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The UK needs to start eating insects and bugs

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Time to consume critters and save the world

It’s time for Brits to stop being so squeamish and chow down on insects as a source of protein in our own national bush tucker challenge.

With I’m A Celebrity back on the screens – albeit from a castle in Wales – it’s time for us as a nation to think the unthinkable and switch from beefsteak to crunchy crickets, says a national food waste and recycling company.

According to food waste collection company BusinessWaste.co.uk, we might soon be seeing bugs such as ants, crickets, and beetles on the menu and in our supermarkets.

Company spokesperson Mark Hall says, “sustainability experts are telling us it’s the right thing to do, it’s better for the environment and can help to solve the global food crisis.

“Give it a go, you might like it! Plus it will probably just taste like chicken.”

Save the planet – eat bugs

The UK is a nation of meat-eaters with 87% of the population regularly eating meat such as beef, pork, and chicken in their diets.* But what if the meat we ate was a bit smaller and had a few more legs?

It’s no secret that the world is facing the biggest climate crisis in human history, but it turns out that what we are eating could be a big part of the problem. And that’s why we need to eat more climate-friendly bugs.

“Agriculture is leading cause of the destruction of biodiversity around the world, as natural environments are destroyed to make way for endless farms,” says Business Waste spokesman Mark Hall.

“The beef farming industry is particularly bad; cows create a lot of CO2 from production and transporting the meat, plus they need an awful lot of land.”

But land isn’t just being destroyed to keep the animals, mass farming is used to produce animal feed with almost 80% of all soybeans produced being used to feed livestock, which takes up even more natural space.**

So how exactly can eating bugs be the answer?

The first big advantage is that they take a lot less space to produce, meaning that there will be less destruction of environments.

If people make the switch to bugs instead of beef, land can be rewilded which will allow for healthier environments, fewer CO2 emissions, and more biodiversity.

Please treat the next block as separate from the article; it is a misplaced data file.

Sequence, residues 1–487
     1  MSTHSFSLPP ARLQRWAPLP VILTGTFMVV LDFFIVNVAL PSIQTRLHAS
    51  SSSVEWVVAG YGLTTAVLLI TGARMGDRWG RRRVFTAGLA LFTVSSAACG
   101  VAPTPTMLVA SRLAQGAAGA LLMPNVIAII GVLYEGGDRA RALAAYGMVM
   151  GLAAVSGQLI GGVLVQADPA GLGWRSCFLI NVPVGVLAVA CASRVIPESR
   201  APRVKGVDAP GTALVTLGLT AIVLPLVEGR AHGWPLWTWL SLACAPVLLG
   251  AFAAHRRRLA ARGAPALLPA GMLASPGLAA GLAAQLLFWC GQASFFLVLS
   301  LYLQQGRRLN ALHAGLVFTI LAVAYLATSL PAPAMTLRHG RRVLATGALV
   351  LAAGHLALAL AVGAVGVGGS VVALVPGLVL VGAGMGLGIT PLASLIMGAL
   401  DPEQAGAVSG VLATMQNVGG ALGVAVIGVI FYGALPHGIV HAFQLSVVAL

Secondly, insect farming uses a lot less greenhouse gases, with one kilo of beef creating 2,850 times the amount of gases than one kilo of bugs – and bugs also require barely any water.***

Hall: “Basically, farming bugs for food takes up a lot less space and is greener for the environment than regular meat production. With evidence like that, bring on the beetle Bolognese.”

Feeding the world, one bug at a time

Eating insects is already a big part of diets in Asia, Africa, and South and Central America, with around two billion people worldwide eating bugs every single day.****

But for the UK, eating bugs is something people are only used to seeing on the TV, not in the aisles of the local supermarket – but all this could be about to change.

Hall: “Insects could become a leading source of protein in our diets in the next decade, they are a great source of energy and could help to solve the global food shortage”.

In 2050, it’s estimated that the global population will grow to about 9.7 billion people, meaning we will have 2 billion more mouths to feed.****

And in comparison, for each person on the earth there are approximately 1.4 billion insects, and the total number of bugs outweighs all the people on earth 70 times.*****

Eating insects could also be the solution to feeding the UK post-Brexit as part of Operation Yellowhammer, as bugs can be easily harvested instead of scrambling for trade deals for meat.

“There are definitely plenty of bugs to go around, but attitudes need to change, and people need to stop thinking that eating them is only stuff of bush-tucker trials,” says Hall.

Here are some bugs that are widely eaten around the world that you may find on your plates in the future –

Hall: I’ll be the first to admit that eating spiders and worms doesn’t sound very appetising, but maybe instead of eating them whole we need to find a way to sneak them into food we already eat.

“Why not try using ground up bugs as flour for bread, or using mealworms in spaghetti or burgers – if you can’t see a whole bug lurking on your plate you’re more likely to give it a go.”

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